AFTER years of toil and study more than 5,000 secondary students sat the first of their Leaving and Junior Certificate exams this Wednesday.
And the general consensus on English Paper 1 was that it was “kind to students” and didn’t present any major surprises.
“There was a nice choice of essays and a reading comprehension on Sherlock, the television series. One of the media studies sections was on screen writing which would be tricky enough but the other was on advertising which most students should be well prepared for,” said Sean Twomey, principal of Colaiste Iosaef in Kilmalllock where 75 students are completing the Leaving Cert and 81 students are completing the Junior Cert exam.
There was also a positive response to English Paper 1 at Castletroy College.
Padraig Flanagan, the school principal tweeted on Tuesday night: “Give it your best shot but also remember it is but one narrow measurement of your worth”.
“I have a huge interest in that kind of logic,” he told the Leader this Wednesday. “Even though I am in this education game, I do have grave concerns about the measuring of a youngster’s worth in a three digit number, but anyway, they still have to give it their best shot”.
The vibe on Wednesday morning at the school he said was “very, very positive”.
There were a few raised eyebrows when Roy Keane appeared on the Leaving Certificate ordinary level English paper.
And a few crestfallen faces that poet Seamus Heaney, beloved of students, appeared on the first paper, rather than the more taxing second paper.
The Nobel Prize winning poet, who passed away last August, had not appeared on Paper One since 2002, said students in the city.
Students Megan Waters, 18, from Hillcrest, and Jana Rondozai, 17, from Fedamore, of the Presentation girls’ school on Sexton Street were nonetheless hoping that Heaney may make a reappearance on Paper Two.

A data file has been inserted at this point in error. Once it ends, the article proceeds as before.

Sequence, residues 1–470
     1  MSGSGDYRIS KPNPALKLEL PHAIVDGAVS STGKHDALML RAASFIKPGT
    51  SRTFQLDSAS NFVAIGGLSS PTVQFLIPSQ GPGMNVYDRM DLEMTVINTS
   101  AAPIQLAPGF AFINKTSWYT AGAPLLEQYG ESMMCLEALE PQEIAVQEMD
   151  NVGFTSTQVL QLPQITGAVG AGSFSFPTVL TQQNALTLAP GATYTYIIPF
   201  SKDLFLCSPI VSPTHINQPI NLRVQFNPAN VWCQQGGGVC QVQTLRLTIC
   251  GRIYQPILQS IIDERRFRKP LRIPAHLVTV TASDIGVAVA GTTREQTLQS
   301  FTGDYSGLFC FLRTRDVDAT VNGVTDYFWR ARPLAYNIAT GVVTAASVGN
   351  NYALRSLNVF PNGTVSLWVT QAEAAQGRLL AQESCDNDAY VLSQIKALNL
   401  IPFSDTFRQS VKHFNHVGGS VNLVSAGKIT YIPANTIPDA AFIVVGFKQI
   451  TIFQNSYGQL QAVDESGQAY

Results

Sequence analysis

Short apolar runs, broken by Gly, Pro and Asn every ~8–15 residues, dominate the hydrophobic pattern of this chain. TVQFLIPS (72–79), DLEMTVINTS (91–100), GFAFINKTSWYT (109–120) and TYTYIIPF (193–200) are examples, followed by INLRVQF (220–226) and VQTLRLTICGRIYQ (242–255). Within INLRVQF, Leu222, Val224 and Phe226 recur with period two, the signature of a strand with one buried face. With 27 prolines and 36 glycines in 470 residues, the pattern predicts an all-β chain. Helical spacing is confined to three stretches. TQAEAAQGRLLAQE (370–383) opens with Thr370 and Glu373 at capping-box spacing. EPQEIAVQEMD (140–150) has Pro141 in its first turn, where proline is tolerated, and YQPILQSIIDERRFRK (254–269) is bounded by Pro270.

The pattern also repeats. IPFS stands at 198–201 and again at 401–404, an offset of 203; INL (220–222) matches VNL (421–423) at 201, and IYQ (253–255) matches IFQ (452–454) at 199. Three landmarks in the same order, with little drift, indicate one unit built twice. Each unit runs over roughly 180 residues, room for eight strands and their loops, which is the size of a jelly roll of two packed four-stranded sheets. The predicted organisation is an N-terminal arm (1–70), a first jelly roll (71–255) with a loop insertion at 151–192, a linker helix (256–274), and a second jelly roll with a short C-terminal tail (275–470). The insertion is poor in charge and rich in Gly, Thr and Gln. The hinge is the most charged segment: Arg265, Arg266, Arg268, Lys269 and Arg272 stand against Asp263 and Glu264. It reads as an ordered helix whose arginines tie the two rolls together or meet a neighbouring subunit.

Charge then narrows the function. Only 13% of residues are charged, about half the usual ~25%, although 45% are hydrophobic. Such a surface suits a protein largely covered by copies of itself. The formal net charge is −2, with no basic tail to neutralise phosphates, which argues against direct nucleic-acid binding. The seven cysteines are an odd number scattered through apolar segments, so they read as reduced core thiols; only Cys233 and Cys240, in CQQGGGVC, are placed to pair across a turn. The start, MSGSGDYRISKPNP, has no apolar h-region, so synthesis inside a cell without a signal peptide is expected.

“It was easy enough; I thought it would be harder, but I was expecting Heaney for poetry [on day two],” said Megan, whose friends joked that they were happy for any other poets to appear on Paper Two - with the exception of Elizabeth Bishop.
Tom Prendergast, principal of CBS Sexton Street, said there was an overwhelming feeling of relief that what many view as the toughest exams of their life had begun and was now underway with a good start.
“Students were relieved that the exams are up and running now. They found the paper, at both ordinary and higher level to be very fair, there was plenty of choice there, and it’s a nice paper to begin with as it involves comprehension and essay writing,” said Mr Prendergast.
The 79 boys sitting their first days of exams - which run up until June 20 - had the added bonus of having the afternoon off as they were not sitting the home economics paper on Wednesday afternoon.
But it wasn’t just teenagers who were facing the dreaded exams. Up to 20 adult learners of all ages and from a variety of multicultural backgrounds were also sitting their exams nearby in the Limerick Adult Education College on Sexton Street.
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